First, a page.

JavaFX adds docking library for easier use, better customization

DockFX fills a void, enabling developers to build fluid, customizable interfaces similar to Visual Studio, Eclipse, or GIMP

JavaFX has been Java's under-the-radar platform for building rich client applications. While it hasn't garnered the attention that rival platforms like Adobe Flash or JavaScript have received, it continues to plod along in the Java development community, with a loyal set of users. One such user is building a docking library for the platform to make it easier to use.

Found on GitHub, the DockFx library was built to fill what the developer cites as a void for docking frameworks available for JavaFX. "DockFX is a library that enables application developers to create customizable and fluid interfaces for their end users, move side panels, hide panels out of view, or drag panels out and get a closer look," developer Robert Colton, a computer science student at Penn State University said in an email. "The library makes it possible to create an interface similar to Visual Studio, Eclipse, or GIMP in very little time without much work. Because the library is targeted at a wide variety of developers, it can also result in a more stable control with more features as it is maintained and improved by a larger number of users."

Still in an early stage of development, the open source DockFX supports CSS and styling. It will add support for FXML, which is an XML-based declarative markup language for JavaFX, and DockBar, which supports floating toolbars. "The library saves the developer from having to write the boilerplate code that makes such a customizable user interface possible by providing a common and reusable control," said Colton.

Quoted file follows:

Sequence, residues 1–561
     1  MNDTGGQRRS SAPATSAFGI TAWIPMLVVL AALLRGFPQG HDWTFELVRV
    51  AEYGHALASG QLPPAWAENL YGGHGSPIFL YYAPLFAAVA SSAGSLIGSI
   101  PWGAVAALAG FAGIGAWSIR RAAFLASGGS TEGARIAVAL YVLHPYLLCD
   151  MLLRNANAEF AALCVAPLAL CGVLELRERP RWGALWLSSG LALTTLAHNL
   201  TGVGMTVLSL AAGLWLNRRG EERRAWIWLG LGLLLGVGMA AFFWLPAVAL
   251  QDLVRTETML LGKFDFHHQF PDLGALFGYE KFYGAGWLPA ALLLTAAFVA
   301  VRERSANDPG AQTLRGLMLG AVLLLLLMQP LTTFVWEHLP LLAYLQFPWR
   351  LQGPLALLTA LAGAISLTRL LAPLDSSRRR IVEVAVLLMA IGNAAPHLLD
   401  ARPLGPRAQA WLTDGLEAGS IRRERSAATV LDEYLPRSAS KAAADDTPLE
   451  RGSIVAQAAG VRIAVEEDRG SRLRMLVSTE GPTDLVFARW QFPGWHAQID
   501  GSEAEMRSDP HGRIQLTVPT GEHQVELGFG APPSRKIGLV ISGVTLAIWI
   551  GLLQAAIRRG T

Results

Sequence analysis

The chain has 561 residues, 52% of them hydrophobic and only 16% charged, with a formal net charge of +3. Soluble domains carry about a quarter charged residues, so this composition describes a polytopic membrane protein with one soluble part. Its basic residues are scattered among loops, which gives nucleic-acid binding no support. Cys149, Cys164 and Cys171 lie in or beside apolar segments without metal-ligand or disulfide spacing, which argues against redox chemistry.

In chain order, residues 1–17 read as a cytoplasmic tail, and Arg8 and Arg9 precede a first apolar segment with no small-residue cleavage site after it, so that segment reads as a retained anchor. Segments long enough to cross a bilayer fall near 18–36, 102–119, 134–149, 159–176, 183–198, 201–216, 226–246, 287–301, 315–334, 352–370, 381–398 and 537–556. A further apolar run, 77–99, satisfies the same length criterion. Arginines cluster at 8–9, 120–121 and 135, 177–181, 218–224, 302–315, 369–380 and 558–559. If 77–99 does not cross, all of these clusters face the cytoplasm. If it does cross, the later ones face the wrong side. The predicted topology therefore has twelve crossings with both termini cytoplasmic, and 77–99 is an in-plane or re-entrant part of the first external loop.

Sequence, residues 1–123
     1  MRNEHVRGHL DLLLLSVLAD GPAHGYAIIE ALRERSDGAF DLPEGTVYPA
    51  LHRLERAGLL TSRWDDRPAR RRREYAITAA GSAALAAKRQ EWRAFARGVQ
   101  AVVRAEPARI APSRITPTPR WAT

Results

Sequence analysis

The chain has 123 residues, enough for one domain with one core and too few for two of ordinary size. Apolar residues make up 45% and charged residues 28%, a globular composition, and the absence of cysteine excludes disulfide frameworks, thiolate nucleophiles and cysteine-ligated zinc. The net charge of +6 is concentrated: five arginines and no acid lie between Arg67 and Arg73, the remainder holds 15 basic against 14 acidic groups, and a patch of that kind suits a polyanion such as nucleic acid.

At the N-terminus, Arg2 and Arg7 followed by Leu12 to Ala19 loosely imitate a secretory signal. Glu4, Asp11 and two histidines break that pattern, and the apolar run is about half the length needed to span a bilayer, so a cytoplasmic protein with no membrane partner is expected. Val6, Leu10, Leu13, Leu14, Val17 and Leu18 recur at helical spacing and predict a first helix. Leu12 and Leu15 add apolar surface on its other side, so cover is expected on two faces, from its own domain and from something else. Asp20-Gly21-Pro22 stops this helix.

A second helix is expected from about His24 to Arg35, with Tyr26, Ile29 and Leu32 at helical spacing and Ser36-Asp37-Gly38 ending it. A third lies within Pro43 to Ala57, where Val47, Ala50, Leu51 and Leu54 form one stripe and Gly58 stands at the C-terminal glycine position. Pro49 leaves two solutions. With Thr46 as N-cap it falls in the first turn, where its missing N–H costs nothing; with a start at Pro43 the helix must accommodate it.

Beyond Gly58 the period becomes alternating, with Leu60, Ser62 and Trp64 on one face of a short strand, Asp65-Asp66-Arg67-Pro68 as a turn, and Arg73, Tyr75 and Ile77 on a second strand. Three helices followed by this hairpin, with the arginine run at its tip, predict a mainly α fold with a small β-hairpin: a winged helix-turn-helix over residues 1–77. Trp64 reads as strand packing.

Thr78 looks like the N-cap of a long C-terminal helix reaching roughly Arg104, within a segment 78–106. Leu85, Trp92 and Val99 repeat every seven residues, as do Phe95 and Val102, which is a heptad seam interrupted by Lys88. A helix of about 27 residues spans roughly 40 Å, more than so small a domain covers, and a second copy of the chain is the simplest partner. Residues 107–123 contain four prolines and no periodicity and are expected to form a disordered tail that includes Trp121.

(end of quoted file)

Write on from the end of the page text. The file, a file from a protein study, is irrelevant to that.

Plans call for possibly including DockFX with Oracle's ControlsFX project to provide high-quality UI controls for JavaFX. "I believe that this is the most appropriate course to take because my goal was to build a common control that accommodates all Java users, including proprietary application developers," Colton said.

JavaFX was unveiled by Sun Microsystems in May 2007. "I feel that the focus on JavaFX as an RIA platform has detracted from providing a comparable feature set to Swing's traditional desktop-oriented approach, potentially leaving it to be suitable for neither," Colton said. "I also believe that more attention should be focused on JavaFX for Linux and MacOS where the platform underperforms Windows. Despite my concerns, I feel that the JavaFX developers have been doing an outstanding job and I commend them for the work that they've done in building this new platform."

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